HANOI -- Thirty-five years after US forces stopped spraying Agent Orange in Vietnam, Vietnamese who were exposed to the defoliant are about to have their day in court.
From 1961 to 1971, the US military sprayed more than 20 million gallons of Agent Orange and other herbicides over South Vietnam to deprive communist forces of food and forest cover. The herbicides were contaminated with poisonous dioxin. Vietnam says millions of its citizens have suffered diseases and birth defects as a result.
Last year, 27 Vietnamese filed a class-action suit against the chemicals' manufacturers,
It is the first Agent Orange suit filed by Vietnamese. Hearings will begin tomorrow in the US District Court's Second Circuit in Brooklyn.
The chemical companies have moved to dismiss the case, saying US law bars suits against corporations for work they carry out under government contracts. The Vietnamese plaintiffs argue this immunity does not protect companies when their products are dangerously defective, as Agent Orange was.
''The companies knew that their sloppy manufacturing processes caused Agent Orange to contain high levels of dioxin," said Jonathan Moore, one of the plaintiffs' American lawyers. ''They ignored it, because they figured the only people getting sprayed were 'the enemy.' "
The plaintiffs also argue that spraying Agent Orange was a war crime, since international law prohibits the use of chemical weapons. The defendants say this claim is baseless.
''Agent Orange was a defoliant, used to protect US and South Vietnamese troops," said Scott Wheeler, a spokesman for Dow Chemical. ''In no way was it ever used as a weapon."
The companies say that, contrary to the plaintiffs' claims, dioxin in the trace amounts in which it was present in Agent Orange has never been shown to cause disease in humans. Moreover, because the US government was well aware of the herbicides' dioxin levels, the manufacturers say, the government-contractor defense protects them. They say any settlement with Vietnamese victims should result from negotiation between the US and Vietnamese governments, not from litigation against the manufacturers.
Last month, the US government filed a statement supporting the chemical companies. It argued that the court has no authority to judge ''the validity of the president's decisions regarding combat tactics and weaponry," including Agent Orange.
For Nguyen Thang Son, such legal questions are beside the point. Son, 55, served with the North Vietnamese Army in the border region between North and South from 1965 to 1972, fighting in the bitter battles for control of the A Luoi Valley and the town of Khe Sanh in 1968. He was exposed to Agent Orange ''too many times to remember," he said in a recent interview at his home in Hanoi.
''The Americans would spray it out of planes," Son said. ''One day you might inhale it several times. The next day once; the next day two or three times."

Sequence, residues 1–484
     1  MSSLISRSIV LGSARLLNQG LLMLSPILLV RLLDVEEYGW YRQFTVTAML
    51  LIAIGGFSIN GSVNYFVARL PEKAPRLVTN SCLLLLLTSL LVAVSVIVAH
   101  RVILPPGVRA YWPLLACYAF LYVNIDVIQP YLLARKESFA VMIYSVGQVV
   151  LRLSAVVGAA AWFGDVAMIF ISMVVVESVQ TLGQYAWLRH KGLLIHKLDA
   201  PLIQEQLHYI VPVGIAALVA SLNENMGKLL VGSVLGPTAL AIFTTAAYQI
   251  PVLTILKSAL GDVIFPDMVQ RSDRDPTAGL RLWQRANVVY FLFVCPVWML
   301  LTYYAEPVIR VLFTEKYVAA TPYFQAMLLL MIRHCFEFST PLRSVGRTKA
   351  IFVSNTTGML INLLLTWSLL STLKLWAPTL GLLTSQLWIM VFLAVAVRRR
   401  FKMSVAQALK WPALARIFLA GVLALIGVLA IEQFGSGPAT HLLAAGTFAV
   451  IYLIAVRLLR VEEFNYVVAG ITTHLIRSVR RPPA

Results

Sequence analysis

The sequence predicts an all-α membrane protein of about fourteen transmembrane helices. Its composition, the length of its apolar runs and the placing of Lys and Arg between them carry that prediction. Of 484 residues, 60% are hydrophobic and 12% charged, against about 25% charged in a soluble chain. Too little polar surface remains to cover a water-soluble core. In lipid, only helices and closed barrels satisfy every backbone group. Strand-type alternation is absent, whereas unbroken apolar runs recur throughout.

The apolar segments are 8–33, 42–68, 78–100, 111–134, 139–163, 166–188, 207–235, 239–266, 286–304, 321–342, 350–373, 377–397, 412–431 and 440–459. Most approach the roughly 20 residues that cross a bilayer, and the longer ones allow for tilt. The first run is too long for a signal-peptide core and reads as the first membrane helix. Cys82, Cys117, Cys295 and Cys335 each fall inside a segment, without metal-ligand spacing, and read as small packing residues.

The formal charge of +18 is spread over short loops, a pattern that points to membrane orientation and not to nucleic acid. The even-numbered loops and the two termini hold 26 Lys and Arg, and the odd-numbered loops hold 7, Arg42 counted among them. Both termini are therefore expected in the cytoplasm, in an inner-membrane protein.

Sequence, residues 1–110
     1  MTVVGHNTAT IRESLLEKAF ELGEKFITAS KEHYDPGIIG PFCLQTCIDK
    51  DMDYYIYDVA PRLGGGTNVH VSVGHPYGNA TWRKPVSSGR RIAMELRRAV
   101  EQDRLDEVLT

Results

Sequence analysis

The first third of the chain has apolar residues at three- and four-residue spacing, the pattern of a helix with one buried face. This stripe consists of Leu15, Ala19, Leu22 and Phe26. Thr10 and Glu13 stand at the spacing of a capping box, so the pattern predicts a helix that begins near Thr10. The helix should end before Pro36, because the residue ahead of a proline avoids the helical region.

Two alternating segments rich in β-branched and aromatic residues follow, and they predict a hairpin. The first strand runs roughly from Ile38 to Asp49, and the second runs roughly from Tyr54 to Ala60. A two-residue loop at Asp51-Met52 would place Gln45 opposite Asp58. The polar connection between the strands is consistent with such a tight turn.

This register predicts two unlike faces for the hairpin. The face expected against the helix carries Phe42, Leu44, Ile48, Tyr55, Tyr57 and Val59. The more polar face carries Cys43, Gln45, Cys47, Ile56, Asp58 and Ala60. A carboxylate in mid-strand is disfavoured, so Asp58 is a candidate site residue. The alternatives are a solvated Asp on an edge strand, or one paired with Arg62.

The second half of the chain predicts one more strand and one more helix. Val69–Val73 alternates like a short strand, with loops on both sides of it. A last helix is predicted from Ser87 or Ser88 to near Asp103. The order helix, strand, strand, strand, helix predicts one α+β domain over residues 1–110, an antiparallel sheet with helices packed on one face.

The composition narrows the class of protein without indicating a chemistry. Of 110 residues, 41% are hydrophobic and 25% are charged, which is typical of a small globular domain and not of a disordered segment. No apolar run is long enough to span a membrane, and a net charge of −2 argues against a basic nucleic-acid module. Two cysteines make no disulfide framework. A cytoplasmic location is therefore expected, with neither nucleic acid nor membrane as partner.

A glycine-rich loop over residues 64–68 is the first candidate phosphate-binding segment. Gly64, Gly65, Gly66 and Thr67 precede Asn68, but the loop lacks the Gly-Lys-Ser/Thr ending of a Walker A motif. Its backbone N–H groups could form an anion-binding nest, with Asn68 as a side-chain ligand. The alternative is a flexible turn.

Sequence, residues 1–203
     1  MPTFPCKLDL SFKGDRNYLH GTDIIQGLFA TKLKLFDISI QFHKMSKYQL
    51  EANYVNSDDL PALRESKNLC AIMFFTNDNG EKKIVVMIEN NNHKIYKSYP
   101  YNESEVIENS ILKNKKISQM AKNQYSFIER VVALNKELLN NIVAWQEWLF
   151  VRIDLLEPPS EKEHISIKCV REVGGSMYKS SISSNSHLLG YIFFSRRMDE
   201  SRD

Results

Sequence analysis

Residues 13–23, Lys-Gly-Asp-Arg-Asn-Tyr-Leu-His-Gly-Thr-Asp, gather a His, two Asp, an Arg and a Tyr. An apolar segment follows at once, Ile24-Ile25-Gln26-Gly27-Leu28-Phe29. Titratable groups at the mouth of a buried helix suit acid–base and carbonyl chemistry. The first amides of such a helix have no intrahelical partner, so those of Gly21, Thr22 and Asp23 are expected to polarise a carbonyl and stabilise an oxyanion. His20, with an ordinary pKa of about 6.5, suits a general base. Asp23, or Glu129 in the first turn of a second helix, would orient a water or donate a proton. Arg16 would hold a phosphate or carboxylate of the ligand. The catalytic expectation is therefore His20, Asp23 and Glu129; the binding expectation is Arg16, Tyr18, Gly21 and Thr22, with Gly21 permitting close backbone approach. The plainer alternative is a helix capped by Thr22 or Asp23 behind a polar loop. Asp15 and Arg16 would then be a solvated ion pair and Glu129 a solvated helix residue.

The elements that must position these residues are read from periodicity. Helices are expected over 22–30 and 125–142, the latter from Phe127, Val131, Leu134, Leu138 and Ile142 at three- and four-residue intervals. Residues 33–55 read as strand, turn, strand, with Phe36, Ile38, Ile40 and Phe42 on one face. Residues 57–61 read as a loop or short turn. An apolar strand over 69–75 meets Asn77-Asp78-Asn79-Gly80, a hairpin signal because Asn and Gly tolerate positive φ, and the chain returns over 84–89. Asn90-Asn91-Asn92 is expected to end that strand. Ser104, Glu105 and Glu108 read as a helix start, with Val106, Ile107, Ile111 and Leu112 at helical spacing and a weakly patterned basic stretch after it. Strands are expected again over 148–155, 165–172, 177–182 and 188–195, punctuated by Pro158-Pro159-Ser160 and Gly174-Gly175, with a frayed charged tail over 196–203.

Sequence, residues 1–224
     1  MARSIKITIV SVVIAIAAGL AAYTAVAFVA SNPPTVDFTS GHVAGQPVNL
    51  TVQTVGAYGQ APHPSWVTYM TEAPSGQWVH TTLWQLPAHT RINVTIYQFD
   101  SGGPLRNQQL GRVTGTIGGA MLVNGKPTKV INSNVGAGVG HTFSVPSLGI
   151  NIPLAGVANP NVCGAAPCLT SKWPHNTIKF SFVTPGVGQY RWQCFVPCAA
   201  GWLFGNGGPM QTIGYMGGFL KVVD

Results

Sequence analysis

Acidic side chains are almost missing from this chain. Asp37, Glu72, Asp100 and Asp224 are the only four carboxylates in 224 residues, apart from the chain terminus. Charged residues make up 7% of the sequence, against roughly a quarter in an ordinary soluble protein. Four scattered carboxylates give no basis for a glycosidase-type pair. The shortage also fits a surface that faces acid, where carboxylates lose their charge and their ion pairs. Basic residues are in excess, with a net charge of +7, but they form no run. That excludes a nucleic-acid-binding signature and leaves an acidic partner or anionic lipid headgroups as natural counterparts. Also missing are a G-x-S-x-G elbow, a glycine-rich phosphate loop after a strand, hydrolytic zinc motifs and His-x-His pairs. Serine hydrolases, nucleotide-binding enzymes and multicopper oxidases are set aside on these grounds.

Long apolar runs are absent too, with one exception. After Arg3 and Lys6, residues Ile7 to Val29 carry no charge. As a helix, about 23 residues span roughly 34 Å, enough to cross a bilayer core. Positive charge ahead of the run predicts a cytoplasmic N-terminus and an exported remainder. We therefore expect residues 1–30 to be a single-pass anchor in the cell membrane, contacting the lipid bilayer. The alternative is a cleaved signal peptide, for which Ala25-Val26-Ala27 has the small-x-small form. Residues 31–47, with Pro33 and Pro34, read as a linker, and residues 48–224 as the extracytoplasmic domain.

Today, Son says he experiences stomach troubles, difficulty breathing, and headaches. His two children suffer even more. His daughter Nguyen Phuong Tui is epileptic, blind, and deaf. At 29, she has the physique of a 10-year-old, and is unable to speak or move by herself.
His son Nguyen Thang Tung, 25, is blind. A graduate of Hanoi's Conservatory of Music, Tung is an accomplished player of a traditional single-stringed instrument called the dan bau and performs regularly on national television.
But his father worries about his future. ''No girl dares marry him," said Son, for fear his children will also suffer birth defects. ''That's my greatest sorrow."
No one knows how many Vietnamese have been exposed to dioxin from American-sprayed herbicides. A recent government-commissioned study by the Institute of Medicine, an arm of the National Academy of Science, found that at least 2.1 million Vietnamese had been directly sprayed.
Dioxin also persists in the environment and in the food chain. Studies of Agent Orange ''hot spots" find elevated levels decades after the spraying stopped, particularly in meat and fish. A joint US-Vietnamese study of the A Luoi Valley in Vietnam's central highlands, where Son fought, found dioxin levels in some breast milk dozens of times higher than maximum levels recommended by the World Health Organization. Birth defects in local villages were 1½ to 4 times more frequent than they had been before the war.
Dow Chemical and Monsanto maintain that decades of study have failed to show Agent Orange caused health problems.
''The overwhelming weight of scientific evidence says there's no link between Agent Orange and serious human illness," said Monsanto spokesman Glynn Young.
The Institute of Medicine, however, says there is strong evidence that exposure to herbicides is associated with five serious diseases, including Hodgkin's disease and a form of leukemia. It says there is ''suggestive" evidence that herbicides might cause birth defects and cancer.
While the manufacturers have never acknowledged Agent Orange causes disease, they reached a $180 million settlement in 1984 with US veterans exposed to the herbicide. The last payments under that scheme were made in 1997. Vietnamese were not eligible.
The scientific questions will not be at issue tomorrow. The relevant legal questions are whether the defendants are indemnified as government contractors, and whether the statute of limitations has expired. Under the US Alien Tort Claims Act, plaintiffs have 10 years to file their cases. The Vietnamese say they were unable to file claims in US courts until 1994, when Washington lifted its trade embargo on Vietnam.